Almirall gets in on the eczema action
Sanofi’s Dupixent has shown there is a market for biologic drugs to treat eczema, and now Spain’s Almirall wants a piece of the action. The company’s head of external innovation and licensing Josep-Maria Casanovas spoke with Richard Staines to discuss its strategy in dermatology.
Two years ago, Sanofi and Regeneron broke new ground by getting their Dupixent (dupilumab) approved for atomic dermatitis – otherwise known as eczema.
Previously treated with lotions and creams, this was the first time that a company had managed to get a biologic injected drug approved that aims to treat the underlying cause of the disease.
Dupixent works by inhibiting the inflammatory response caused by a protein known as interleukin 4 (IL-4), which is overactive in people with the condition. The drug is breaking through the billion dollars a year barrier after amassing sales of 496 million euros ($551 million) in the second quarter.
With Dupixent looking like it is going to fulfil expectations commercially, dermatology rivals such as Almirall and LEO Pharma are looking to tap into this growing market.
Almirall does not have its own in-house biologics development operation and has decided to in-licence an eczema drug, lebrikizumab, from Dermira. Lebrikizumab also works in a different way from Dupixent, targeting IL-13, and Almirall hopes that Sanofi’s innovation has cleared the way for other injected rivals.
Almirall’s strategy for now means that it is reliant on third parties to develop biologic treatments as it does not have the expertise in-house. This is not altogether different from Sanofi – its big selling antibodies have come through a long-established partnership with Regeneron.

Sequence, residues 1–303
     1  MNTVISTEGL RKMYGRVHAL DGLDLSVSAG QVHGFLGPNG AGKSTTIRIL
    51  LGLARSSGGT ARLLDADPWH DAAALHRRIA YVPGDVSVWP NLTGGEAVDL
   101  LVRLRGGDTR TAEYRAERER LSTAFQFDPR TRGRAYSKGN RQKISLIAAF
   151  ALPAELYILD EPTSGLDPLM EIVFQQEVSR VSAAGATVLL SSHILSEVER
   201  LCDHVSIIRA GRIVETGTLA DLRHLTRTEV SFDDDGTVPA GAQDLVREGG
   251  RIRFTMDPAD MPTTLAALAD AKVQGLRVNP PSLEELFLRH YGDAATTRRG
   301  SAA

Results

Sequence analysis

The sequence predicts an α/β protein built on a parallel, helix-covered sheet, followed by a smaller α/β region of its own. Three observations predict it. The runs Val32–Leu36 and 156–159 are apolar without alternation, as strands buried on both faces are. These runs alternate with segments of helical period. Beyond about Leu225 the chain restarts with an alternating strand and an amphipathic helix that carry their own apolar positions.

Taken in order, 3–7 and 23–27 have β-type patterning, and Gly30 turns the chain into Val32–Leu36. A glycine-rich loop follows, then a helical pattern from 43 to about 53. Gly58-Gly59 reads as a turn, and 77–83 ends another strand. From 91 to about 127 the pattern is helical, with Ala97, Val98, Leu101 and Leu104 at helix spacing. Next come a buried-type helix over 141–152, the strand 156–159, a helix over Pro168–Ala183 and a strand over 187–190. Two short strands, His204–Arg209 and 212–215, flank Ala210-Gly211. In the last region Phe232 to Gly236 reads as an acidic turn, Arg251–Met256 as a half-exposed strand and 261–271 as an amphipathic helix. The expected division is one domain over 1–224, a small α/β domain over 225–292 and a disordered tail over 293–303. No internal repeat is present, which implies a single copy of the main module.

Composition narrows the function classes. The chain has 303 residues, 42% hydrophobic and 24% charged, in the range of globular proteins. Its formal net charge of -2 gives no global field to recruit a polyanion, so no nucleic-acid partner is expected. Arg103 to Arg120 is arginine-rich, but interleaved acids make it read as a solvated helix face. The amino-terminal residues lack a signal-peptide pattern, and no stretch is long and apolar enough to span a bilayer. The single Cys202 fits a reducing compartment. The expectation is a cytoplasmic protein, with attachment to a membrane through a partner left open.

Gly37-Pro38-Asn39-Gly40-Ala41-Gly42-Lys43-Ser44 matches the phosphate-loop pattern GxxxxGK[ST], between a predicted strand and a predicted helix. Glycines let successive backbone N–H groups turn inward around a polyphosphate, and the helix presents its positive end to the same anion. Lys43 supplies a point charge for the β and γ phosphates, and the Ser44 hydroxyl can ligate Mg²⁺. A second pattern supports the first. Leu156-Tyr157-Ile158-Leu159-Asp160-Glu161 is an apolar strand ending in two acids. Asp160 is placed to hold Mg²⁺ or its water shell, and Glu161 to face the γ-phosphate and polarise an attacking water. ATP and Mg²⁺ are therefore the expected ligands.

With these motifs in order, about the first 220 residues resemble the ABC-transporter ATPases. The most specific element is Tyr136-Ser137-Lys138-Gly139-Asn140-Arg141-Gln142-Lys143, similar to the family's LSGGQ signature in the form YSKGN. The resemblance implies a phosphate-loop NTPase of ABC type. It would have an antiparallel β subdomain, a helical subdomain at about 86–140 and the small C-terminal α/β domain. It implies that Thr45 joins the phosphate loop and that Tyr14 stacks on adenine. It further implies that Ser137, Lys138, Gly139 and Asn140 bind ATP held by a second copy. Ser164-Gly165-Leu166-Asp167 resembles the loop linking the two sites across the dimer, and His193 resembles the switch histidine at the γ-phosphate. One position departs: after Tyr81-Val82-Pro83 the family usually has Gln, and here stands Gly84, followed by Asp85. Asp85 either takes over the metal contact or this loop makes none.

In the same way, Almirall has already partnered with Sun Pharmaceutical in 2016 to develop and market the psoriasis drug tildrakizumab in Europe. The latest deal with Dermira builds on this arrangement, said Almirall’s head of external innovation and licensing, Josep-Maria Casanovas.
All of the company’s R&D is now based in dermatology and the deal with Dermira fits with the pipeline focused on diseases such as acne, actinic keratosis, androgenic alopecia, and fungal nail infections.
“The Dermira deal has been a very important one for the future of the company,” Casanovas said. “Almirall has a strong science presence. In order to get access to innovation based on biologics we have to go to third parties.”
Almirall is already launching tildrakizumab in Europe under the brand name Ilumetri, and has the atopic dermatitis market in its sights following the initial success in psoriasis. “The fit within our R&D is perfect,” said Casanovas.
An obvious question is whether Almirall plans to bring biologic R&D in-house through an acquisition – and Casanovas gave the standard pharma answer that if the right opportunity comes along then Almirall will take it.
He told pharmaphorum: “What we are doing is assessing all potential opportunities, not only licensing but from an M&A perspective.
“So as long as it makes sense this has to be taken into account – it is something that is under review.”
Lebrikizumab has had a convoluted development. It was originally intended to treat non-Hodgkin’s lymphoma but has been repurposed as a skin care drug due to its interaction with inflammatory pathways.
Originally developed by the US biotech Tanox, the drug came into the hands of Genentech through an acquisition in 2007.